Operation Korporal

corporal

This was a German operation against the resistance forces of the Maquis de l’Ain et du Haut-Jura in the area between Bourg en Bresse and Annecy in the south-east of German-occupied France (5/13 February 1944).

The largest yet launched against the French resistance, this operation was the first in which the German had felt it necessary to commit army troops, earlier undertakings against the resistance forces having been seen as policing responsibilities and therefore allocated to the Sicherheitspolizei (SiPo, or security police) and Sicherheitsdienst (SD, or security service).

On 4 February 1944, the day of the funerals of resistance fighters recently killed in combat, a section of the group responsible for the security of Hotonness, where the funerals were taking place, stopped a car whose driver was identified as one Houizot, a leader of the local Gestapo team. Houizot was immediately seized and transported to the resistance camp at Pré Carré, a local farm, for questioning and the extraction of information on current and future operations. A resistance search found a detailed map of the département which, on closer examination a few days later after the end of ‘Korporal’, revealed to the resistance that the Germans had a very substantial body of information, network of informants, and plans for anti-resistance operations.

A German aeroplane, which had been reconnoitring the area for several days, spotted suspicious activity at the farm and strafed the area with machine gun fire. The resistance fighters escaped into the nearby woods even as the aeroplane started its second strafing run. As the fighters made their escape, they left Houizot without guards, and he was set free by a collaborator, and the Gestapo quickly seized and tortured to death the owners of the farm, the Berne brothers, who had actively aided the resistance movement by allowing the establishment of the resistance camp on their land. The brothers’ sister, Irène, was deported to Germany after been forced to see the torture scene, and the farm was burned to the ground.

On 5 February, at the instigation of the German military command in the south of France, Dr Werner Knab (military commander of the security service and Lyon area police), the Gestapo and the Milice française, ‘Korporal’ was launched by about 2,500 men of a German security battalion, foreign volunteers and mountain troops under the command of Generalleutnant Karl Pflaum’s 157th Reserve-Division. These troops quickly closed all the lines of communication into the area, and embarked on the task of combing the area for resistance fighters, tracking down all those suspected of being ‘terrorists’ or providing these latter with physical and logistical support, and at the same time searching out any persons who had managed to evade conscription into the Service du Travail Obligatoire (STO, or compulsory labour service) designed to provide German factories with workers.

The German force had the advantage of artillery and armour for the mountain troops, reconnaissance and ground attack aircraft, and a large number of military vehicles. At this time of the year, there was much lying snow, and this was a severe hindrance to both the Germans, whose movement was made more difficult, and the French resistance forces as they attempted to leave the area as their footprints remained visible in the snow. The first victims of ‘Korporal’ were any who were suspected of aiding the Forces Françaises de l’Intérieur (FFI, or French forces of the interior, as the three primary resistance elements had been combined on 1 February 1944). Around the scattered villages of the region, farms which were suspected of harbouring resistance elements or their camps were burned, and and resistance fighters who were captured were tortured and shot.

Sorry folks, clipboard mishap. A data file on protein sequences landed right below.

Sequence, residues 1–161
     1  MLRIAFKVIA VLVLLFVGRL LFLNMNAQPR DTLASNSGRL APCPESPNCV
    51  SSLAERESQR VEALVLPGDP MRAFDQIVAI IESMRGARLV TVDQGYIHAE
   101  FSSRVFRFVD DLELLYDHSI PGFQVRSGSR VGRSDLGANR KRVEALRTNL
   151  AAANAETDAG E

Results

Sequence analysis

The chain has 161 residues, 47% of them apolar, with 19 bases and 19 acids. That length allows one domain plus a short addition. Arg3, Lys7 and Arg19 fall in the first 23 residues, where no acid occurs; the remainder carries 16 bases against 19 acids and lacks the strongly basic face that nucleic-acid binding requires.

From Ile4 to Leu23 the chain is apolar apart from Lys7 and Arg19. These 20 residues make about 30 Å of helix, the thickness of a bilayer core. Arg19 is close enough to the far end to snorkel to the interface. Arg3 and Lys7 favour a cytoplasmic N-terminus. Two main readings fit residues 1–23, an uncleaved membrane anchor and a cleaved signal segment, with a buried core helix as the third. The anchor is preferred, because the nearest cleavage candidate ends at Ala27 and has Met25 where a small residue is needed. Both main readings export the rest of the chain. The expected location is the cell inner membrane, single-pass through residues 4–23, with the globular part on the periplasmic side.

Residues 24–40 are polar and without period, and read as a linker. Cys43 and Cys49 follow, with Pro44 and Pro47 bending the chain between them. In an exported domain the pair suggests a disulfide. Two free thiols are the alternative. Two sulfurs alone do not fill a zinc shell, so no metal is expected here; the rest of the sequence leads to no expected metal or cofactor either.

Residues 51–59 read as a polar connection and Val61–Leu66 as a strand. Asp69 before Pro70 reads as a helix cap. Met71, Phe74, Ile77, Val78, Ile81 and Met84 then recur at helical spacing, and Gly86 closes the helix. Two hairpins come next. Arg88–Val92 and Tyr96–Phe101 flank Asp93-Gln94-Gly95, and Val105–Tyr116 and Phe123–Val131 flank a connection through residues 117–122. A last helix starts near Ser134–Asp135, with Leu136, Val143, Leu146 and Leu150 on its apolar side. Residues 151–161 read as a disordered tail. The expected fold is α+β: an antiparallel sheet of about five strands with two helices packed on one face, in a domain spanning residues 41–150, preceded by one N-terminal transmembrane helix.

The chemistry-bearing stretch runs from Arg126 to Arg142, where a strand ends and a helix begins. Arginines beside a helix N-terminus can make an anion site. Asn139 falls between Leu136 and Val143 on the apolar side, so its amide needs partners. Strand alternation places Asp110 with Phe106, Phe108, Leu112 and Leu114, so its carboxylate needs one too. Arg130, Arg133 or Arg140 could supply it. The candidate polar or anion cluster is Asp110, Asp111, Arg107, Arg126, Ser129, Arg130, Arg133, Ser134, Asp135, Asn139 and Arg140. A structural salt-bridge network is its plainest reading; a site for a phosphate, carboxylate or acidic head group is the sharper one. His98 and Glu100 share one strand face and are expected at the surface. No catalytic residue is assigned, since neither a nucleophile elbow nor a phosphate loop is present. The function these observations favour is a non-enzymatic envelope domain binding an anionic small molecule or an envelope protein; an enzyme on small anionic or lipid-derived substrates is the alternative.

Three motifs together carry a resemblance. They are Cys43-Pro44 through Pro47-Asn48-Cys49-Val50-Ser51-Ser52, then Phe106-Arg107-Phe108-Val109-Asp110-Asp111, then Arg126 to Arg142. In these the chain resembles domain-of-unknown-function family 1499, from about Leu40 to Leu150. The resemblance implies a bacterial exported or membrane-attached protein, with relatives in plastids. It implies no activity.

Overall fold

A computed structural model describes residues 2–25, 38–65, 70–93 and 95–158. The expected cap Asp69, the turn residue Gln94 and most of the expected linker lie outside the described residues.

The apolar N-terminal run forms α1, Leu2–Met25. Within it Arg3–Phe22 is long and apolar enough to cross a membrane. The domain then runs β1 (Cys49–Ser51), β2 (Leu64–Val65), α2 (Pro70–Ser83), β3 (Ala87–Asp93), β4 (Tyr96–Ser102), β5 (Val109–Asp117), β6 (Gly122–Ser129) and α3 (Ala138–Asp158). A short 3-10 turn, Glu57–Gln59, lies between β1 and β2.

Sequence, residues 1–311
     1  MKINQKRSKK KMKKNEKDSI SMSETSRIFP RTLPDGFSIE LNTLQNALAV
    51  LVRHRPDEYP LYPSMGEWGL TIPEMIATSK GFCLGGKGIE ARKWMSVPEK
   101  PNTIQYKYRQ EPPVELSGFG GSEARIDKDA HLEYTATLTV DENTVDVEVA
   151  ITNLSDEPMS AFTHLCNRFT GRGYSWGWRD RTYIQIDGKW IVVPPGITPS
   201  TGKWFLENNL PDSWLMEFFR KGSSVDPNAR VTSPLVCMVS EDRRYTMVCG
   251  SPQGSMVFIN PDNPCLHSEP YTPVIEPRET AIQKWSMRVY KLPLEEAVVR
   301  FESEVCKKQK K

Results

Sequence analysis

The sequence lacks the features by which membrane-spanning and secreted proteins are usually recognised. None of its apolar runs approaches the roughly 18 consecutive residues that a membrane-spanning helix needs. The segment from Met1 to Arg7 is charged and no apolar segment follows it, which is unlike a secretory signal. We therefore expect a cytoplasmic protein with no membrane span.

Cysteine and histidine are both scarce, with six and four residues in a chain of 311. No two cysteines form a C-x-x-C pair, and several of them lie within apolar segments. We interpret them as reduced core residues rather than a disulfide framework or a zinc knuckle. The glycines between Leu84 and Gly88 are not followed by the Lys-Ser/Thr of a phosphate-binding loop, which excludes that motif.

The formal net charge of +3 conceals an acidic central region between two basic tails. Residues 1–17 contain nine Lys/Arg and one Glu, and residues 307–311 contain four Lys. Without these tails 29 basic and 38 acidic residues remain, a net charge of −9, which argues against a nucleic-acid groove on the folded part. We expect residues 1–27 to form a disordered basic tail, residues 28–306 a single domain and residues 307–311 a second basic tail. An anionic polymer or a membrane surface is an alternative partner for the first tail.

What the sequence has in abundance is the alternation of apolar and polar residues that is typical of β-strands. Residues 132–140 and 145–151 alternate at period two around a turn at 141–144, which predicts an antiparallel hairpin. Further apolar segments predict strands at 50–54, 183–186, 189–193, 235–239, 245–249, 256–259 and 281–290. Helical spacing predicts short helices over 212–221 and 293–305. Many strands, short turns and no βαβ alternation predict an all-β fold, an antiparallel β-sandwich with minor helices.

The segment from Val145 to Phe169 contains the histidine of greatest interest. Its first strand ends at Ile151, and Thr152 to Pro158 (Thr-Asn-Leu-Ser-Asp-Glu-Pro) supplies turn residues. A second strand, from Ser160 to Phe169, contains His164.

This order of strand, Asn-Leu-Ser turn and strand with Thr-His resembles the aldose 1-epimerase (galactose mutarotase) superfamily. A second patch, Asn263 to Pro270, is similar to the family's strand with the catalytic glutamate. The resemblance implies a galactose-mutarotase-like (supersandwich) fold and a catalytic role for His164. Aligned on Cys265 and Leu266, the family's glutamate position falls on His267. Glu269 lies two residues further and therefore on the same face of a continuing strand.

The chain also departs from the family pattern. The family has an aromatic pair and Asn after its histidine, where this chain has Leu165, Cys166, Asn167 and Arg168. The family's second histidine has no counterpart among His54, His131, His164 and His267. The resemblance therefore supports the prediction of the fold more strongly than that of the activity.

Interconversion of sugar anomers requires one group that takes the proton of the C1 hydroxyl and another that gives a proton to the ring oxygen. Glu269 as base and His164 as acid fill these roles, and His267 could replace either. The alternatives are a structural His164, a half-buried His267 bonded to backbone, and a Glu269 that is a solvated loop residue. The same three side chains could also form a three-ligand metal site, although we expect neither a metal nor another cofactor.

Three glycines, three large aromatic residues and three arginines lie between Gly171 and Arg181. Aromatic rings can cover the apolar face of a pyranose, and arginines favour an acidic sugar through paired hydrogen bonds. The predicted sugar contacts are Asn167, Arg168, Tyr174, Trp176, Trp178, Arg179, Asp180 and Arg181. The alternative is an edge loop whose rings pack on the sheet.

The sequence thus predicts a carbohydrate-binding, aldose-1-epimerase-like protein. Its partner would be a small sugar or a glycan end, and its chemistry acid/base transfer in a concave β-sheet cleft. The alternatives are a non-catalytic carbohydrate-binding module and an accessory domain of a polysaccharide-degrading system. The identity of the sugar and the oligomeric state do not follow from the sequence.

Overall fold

One of the events most characteristic of ‘Korporal’ was the attack on La Montagne farm on 8 February. The arrival of German search teams forced the personnel of the Maquis de l’Ain et du Haut-Jura’s local headquarters to make their escape, and these persons took refuge in the isolated La Montagne farm house near Abergement de Varey. SS-Hauptsturmführer Nikolaus ‘Klaus’ Barbie, the commander of the Lyon branch of the Gestapo, was informed by a member of the Milice française where the resistance team was hiding, the number of personnel involved, and the weapons they had available to them. At dawn 300 German soldiers surrounded the farm, where 22 resistance fighters were concealed. The men had to flee, and one of the men, Julien Roche, covered the escape until he was killed by German fire. Nine other resistance fighters, including the driver of the local commander, André Palisson, were killed, but 11 others managed to escape into the forest. In this engagement, the Germans lost two men killed and one wounded.

On 11 February the Germans undertook a raid in Oyonnax, as a result of which 27 persons from Oyonnax and 30 persons from Nantua were sent to Mauthausen concentration camp.

‘Korporal’ ended on 13 February, and in overall terms resulted in the deaths of 40 persons, the arrest of 339 persons, the deportation of 287 persons, and the burning of 99 farms and homes. As far as the FFI was concerned, the last meant that farms had become too vulnerable for use as bases, and as a result the FFI groups decided to become more mobile and rely largely on makeshift camps using woodland materials and parachute canopies. The FFI’s losses in weapons, equipment, vehicles and food reserves were also considerable. One commentator has shown that the local FFI units had wheat and potatoes sufficient for one year, as well as several thousands of pairs of shoes and boots: these were burned or otherwise seized by the Germans.